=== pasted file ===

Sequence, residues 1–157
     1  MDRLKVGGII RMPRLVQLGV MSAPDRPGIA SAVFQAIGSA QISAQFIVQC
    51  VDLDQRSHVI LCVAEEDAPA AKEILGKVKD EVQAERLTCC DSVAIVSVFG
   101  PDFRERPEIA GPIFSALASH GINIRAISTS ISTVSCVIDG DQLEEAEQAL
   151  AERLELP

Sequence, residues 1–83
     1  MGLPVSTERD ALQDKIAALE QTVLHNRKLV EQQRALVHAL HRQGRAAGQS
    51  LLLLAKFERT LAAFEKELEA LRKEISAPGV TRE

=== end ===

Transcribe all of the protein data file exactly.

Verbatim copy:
Sequence, residues 1–157
     1  MDRLKVGGII RMPRLVQLGV MSAPDRPGIA SAVFQAIGSA QISAQFIVQC
    51  VDLDQRSHVI LCVAEEDAPA AKEILGKVKD EVQAERLTCC DSVAIVSVFG
   101  PDFRERPEIA GPIFSALASH GINIRAISTS ISTVSCVIDG DQLEEAEQAL
   151  AERLELP

Sequence, residues 1–83
     1  MGLPVSTERD ALQDKIAALE QTVLHNRKLV EQQRALVHAL HRQGRAAGQS
    51  LLLLAKFERT LAAFEKELEA LRKEISAPGV TRE